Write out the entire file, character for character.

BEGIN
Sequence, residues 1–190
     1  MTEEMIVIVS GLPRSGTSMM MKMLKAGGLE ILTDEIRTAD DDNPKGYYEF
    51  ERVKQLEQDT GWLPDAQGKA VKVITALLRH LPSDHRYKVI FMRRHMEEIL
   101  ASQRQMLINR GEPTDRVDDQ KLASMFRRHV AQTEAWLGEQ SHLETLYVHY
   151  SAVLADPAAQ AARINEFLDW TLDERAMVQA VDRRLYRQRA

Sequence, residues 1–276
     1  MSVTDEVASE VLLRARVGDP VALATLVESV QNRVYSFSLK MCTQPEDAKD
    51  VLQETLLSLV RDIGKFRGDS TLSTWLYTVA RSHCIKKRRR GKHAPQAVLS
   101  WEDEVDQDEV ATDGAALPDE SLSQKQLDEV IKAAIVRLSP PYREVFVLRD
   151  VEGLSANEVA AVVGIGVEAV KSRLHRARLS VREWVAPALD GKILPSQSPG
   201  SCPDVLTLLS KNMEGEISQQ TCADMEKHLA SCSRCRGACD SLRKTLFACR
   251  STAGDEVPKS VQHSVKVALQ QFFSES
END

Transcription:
Sequence, residues 1–190
     1  MTEEMIVIVS GLPRSGTSMM MKMLKAGGLE ILTDEIRTAD DDNPKGYYEF
    51  ERVKQLEQDT GWLPDAQGKA VKVITALLRH LPSDHRYKVI FMRRHMEEIL
   101  ASQRQMLINR GEPTDRVDDQ KLASMFRRHV AQTEAWLGEQ SHLETLYVHY
   151  SAVLADPAAQ AARINEFLDW TLDERAMVQA VDRRLYRQRA

Sequence, residues 1–276
     1  MSVTDEVASE VLLRARVGDP VALATLVESV QNRVYSFSLK MCTQPEDAKD
    51  VLQETLLSLV RDIGKFRGDS TLSTWLYTVA RSHCIKKRRR GKHAPQAVLS
   101  WEDEVDQDEV ATDGAALPDE SLSQKQLDEV IKAAIVRLSP PYREVFVLRD
   151  VEGLSANEVA AVVGIGVEAV KSRLHRARLS VREWVAPALD GKILPSQSPG
   201  SCPDVLTLLS KNMEGEISQQ TCADMEKHLA SCSRCRGACD SLRKTLFACR
   251  STAGDEVPKS VQHSVKVALQ QFFSES